I have traveled by this Arnold Swartzernegger of homes on Woods Road a few times and wondered, “What is it?” A two family? Connected town houses? Or could it be a one family?
Recently placed on the market, 10 Woods Rd. is, in fact, a single residency house. And what a building. It reminds me of what happens when you put too much air into an inner tube: Give it room. It could blow!
The livable floor space is a whopping 3,661 square feet on three floors, a volume usually seen in one of the Belmont Hill manse. But this is Woods Road, the hockey-stick shaped enclosed road off Bacon Road and a block from the Grove Street Playground.
The structure dominates the surrounding homes built 60+ years ago as affordable post-war housing. For example, the average size of the nearby homes is about 1,400 sq.-ft. with its next door neighbor coming in at 1,152 sq.-ft.
Not that 10 Wood Rd. has always been a standout; until 2006, it was just like all the other houses on the street, a circa 1950 Cape that sold for $485,000 in 2005. Within four months of its purchase, the new owner gained a town permit to perform $100,000 of remodeling work for construction to the rear and to build upwards.
The end result is the sort of “home on steroids” that prompts some residents to discuss placing additional restrictions on the acceptable floor-area-ratio in residential areas. It’s grandious for the street in both bulk and height, although the size is dampened somewhat as it’s adjacent to a rear yard to the house on Bacon Road.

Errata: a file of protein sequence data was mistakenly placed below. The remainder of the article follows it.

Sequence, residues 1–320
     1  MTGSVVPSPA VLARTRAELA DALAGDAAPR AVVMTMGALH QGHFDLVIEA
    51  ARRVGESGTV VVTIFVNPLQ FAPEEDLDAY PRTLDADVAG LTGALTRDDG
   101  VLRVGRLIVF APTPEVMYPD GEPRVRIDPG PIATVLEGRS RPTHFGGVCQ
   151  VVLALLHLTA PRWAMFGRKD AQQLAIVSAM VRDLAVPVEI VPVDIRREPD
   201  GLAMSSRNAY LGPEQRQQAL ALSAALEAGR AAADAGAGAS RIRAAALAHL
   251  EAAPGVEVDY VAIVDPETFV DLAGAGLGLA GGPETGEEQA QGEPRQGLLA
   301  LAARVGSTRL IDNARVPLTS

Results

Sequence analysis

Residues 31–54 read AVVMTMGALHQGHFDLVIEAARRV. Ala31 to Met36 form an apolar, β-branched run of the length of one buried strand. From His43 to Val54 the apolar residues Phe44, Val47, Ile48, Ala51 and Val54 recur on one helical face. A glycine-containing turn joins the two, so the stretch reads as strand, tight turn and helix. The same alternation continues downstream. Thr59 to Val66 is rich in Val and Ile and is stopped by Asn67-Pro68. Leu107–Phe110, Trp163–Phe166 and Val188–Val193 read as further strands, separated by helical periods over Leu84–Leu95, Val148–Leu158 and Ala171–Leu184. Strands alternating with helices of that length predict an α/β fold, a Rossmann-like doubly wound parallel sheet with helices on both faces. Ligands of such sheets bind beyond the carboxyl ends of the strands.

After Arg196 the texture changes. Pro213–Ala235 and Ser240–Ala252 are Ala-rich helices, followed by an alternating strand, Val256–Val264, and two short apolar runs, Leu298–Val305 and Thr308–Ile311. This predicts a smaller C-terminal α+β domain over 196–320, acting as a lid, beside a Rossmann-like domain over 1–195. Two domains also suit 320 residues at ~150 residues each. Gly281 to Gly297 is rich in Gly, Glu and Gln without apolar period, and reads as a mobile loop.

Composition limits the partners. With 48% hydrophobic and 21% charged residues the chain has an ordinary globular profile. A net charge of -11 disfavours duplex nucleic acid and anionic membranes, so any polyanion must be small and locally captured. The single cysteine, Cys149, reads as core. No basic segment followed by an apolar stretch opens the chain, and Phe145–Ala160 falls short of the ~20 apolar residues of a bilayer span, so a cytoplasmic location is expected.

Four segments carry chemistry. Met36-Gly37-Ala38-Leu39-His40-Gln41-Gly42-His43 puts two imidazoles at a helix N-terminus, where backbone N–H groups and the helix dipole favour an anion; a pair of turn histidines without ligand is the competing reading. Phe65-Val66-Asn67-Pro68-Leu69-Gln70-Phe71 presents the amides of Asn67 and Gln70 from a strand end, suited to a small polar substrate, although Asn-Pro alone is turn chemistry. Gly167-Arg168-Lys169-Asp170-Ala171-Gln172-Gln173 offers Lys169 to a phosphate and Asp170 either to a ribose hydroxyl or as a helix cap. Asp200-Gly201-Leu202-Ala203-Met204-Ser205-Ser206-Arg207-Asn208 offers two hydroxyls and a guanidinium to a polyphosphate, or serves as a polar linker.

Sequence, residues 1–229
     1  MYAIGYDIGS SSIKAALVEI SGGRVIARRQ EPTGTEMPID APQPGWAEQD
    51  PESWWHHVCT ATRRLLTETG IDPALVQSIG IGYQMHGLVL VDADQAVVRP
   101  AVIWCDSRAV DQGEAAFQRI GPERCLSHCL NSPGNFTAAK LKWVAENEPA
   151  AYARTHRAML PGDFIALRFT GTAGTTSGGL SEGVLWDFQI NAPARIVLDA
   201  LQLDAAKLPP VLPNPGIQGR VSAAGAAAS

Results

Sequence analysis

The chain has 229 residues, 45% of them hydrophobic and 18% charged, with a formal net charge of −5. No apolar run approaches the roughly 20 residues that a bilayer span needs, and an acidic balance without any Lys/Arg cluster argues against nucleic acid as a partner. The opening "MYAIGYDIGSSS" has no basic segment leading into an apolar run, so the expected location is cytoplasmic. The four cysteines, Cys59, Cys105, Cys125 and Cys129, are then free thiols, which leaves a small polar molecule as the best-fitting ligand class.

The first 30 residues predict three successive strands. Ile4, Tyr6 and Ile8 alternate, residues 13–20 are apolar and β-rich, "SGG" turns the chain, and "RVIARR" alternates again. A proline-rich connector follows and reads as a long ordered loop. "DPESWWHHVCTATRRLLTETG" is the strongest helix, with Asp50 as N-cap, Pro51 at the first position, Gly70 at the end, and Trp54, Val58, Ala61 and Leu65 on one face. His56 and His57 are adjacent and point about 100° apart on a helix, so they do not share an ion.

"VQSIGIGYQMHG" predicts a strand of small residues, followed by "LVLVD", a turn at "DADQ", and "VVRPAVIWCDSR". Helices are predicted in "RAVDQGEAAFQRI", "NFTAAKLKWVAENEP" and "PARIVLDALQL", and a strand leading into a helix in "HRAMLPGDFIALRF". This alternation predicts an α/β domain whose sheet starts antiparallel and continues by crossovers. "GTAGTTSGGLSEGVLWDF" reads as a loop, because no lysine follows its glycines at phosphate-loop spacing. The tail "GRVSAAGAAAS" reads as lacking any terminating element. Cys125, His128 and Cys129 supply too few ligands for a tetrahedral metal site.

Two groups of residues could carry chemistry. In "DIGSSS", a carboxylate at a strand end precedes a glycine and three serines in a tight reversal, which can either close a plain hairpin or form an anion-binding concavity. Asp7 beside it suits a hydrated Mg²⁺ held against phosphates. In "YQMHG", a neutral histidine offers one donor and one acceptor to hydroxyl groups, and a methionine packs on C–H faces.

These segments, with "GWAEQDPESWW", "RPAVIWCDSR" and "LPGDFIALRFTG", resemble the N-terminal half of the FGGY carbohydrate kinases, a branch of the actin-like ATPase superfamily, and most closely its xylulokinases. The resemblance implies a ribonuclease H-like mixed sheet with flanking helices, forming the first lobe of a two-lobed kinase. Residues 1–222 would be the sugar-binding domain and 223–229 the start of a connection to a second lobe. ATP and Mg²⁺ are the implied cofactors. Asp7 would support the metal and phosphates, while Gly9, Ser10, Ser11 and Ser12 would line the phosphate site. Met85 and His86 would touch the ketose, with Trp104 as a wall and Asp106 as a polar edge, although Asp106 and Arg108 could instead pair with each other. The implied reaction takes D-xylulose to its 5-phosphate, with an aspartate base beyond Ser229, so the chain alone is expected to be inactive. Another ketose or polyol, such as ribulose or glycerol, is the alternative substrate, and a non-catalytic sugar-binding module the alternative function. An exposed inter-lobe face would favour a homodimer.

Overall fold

I know that someone’s design preference is a personal one, but I can’t help but comment on 10 Woods Rd. Sorry but it’s a miss in many ways. It would work in a new 20,000 person gated-communities that spring up in the prairies of Colorado but here, it’s a mishmash of concepts that don’t come close to working as a cohesive housing design. From the dominate garage door, the front door is overshadowed by a pair of two-story columns (?) and the undersized “Evita” terrace above it, the lonely Victorian-style turret and the elongated windows, it’s far too busy and out-of-place to be interesting or innovative. The problem is the lot is narrow which forced the designer to cram so much in the front. Better would have been one central idea – a grand front entrance – with the upper floors set back along with the garage.
What the house lacks outside it gains inside. The renovation blew out the space to allow for an open floor plan, high ceiling heights and an open staircase. The foyer is separated by French doors to the living room, which moves into the kitchen and the dining room.
The main floor also has a family room that is adjacent to the dining area, all with Brazilian wood floors.
The second floor has an oversized landing that opens to a home office. The master bedroom features two walk-in closets and a bathroom with double sinks and a Jacuzzi. There are two additional bedrooms and full bath on the floor.
The third floor offers a pair of bedrooms, one with a sitting area and an en-suite bathroom, ‘ideally suited for guests, older children or an au pair.”
There is that attached one-car garage and a landscaped backyard with patio.
If sold for its listed price, it will be a first for Woods Road; the first home that sells for a cool million.
Listed at $1,159,000.
Listed By: Hammond Residential Real Estate, Martha Brown.
Katy Bonnin says
Pretty sure they use window AC units in the summer too which kills its only possible ‘new construction’ appeal. Always curious about this one. Good story.
Franklin B. Tucker says
And the house is heated with fuel oil so the kitchen is likely electric or propane. Not what you’d expect for $1.1 million.
Sue Bass says
Just eliminating the columns would make the house less silly looking — and then they’d still have all the interior delights.